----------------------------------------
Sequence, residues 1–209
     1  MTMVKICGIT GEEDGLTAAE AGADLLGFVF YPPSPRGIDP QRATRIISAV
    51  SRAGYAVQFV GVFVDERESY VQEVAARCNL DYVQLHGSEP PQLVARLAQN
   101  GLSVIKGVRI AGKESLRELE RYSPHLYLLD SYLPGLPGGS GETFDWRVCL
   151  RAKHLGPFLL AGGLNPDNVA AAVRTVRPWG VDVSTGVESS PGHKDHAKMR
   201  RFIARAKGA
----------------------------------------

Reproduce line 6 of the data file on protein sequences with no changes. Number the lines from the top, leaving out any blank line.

   201  RFIARAKGA